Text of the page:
This was a turning point in the shameful history of institutional racism in the U.S. Blacks had been protesting for years against the American South’s policy of “separate but equal,” to little effect. In the case of Birmingham, the integration of a school was the main objective.

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People around the world saw images of police responding to protesters with attack dogs and high-pressure water hoses. After the protests, the movement enjoyed more support both at home and abroad, as it entered into the homestretch leading to the Civil Right Act of 1964.

Arab Spring Uprisings of 2011

Protests quickly spread across the Arab world after young Tunisian vegetable vendor Mohamed Bouazizi set himself on fire on December 17, 2010. He had been publicly slapped by a policewoman for selling vegetables without a license, and in protest of unemployment for Tunisia’s youth.

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In the end, almost all of the countries in the region experienced some sort of unrest related to issues raised by Bouazizif. Ultimately, the Arab Spring led to regime changes in Tunisia, Egypt (pictured below) and Libya. The movement drastically changed the dynamics and the politics of the region.

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Haitian Revolution

The Haitian Revolution of 1791-1804 was the only slave revolt in the history of the world that led to the founding of a state. You might be familiar with Haiti as the poorest country in the Western Hemisphere in 2014, but in the late 1700s this was far from the case. The French colony was one of the richest New World colonies, producing huge amounts of coffee and sugar that were valuable commodities in Europe and North America.

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Haitian independence changed the global dynamic of power, as Napoleonic France lost one of its major breadwinners, and issues of human rights and slavery came to the forefront of global intellectualism. "The freedom of the negroes, if recognised in St Domingue [as Haiti was then known] and legalised by France, would at all times be a rallying point for freedom-seekers of the New World," Napoleon said at the time.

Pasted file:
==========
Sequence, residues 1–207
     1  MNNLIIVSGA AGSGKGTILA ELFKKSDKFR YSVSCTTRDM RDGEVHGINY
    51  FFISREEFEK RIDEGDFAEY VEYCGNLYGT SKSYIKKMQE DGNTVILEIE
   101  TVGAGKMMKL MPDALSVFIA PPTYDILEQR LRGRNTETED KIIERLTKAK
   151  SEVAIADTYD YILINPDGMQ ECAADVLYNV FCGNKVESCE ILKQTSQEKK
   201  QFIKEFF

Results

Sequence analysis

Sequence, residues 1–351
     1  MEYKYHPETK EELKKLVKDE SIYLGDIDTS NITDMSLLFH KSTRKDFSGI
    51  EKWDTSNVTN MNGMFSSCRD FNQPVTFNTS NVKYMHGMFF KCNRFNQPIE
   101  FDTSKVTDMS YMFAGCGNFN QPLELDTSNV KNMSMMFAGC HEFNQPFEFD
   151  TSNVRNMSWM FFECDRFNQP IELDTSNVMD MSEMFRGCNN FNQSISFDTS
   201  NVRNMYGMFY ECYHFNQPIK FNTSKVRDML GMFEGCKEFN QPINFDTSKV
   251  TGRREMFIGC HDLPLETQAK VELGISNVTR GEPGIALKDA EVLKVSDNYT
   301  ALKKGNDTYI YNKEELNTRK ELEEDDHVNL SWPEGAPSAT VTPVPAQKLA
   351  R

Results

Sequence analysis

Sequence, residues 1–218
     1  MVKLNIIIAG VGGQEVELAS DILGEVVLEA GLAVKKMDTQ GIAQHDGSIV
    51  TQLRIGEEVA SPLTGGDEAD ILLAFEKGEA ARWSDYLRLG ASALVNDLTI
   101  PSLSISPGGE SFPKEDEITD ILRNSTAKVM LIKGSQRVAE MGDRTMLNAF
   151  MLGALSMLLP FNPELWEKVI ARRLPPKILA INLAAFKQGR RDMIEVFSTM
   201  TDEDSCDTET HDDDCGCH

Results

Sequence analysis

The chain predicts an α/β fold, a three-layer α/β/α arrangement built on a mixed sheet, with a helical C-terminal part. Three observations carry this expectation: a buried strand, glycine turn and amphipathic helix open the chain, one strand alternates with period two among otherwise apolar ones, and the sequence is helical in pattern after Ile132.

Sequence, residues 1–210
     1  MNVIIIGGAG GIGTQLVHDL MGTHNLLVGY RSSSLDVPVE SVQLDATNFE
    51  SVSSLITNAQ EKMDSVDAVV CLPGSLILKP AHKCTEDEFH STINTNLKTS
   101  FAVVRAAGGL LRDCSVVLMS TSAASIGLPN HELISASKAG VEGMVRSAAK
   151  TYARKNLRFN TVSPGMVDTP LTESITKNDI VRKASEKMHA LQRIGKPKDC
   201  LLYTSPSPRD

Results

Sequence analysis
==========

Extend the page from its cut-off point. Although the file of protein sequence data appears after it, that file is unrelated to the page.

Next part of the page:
Occupy Wall Street

In the midst of the Occupy Wall Street movement that first swept the U.S. and then the whole world starting in 2011, this video footage of police casually pepper spraying students at UC Davis is easily one of the most iconic - and enraging - images.

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Little immediately came from the disorganized movement, but it did increase awareness about income inequality in the U.S. — something that is still affecting political discourse to this day.

Buddhists in South Vietnam

In what has been dubbed as the “ultimate protest,” Buddhist monk Thích Quảng Đức set himself on fire in Saigon to protest the persecution of Buddhists by the South Vietnamese government. The Pulitzer Prize-winning photograph drew international attention, and later forced President John F. Kennedy to withdraw support from the regime.

The government fell to a military coup about five months after the incident.

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Daniel Rivero is a producer/reporter for Fusion who focuses on police and justice issues. He also skateboards, does a bunch of arts related things on his off time, and likes Cuban coffee.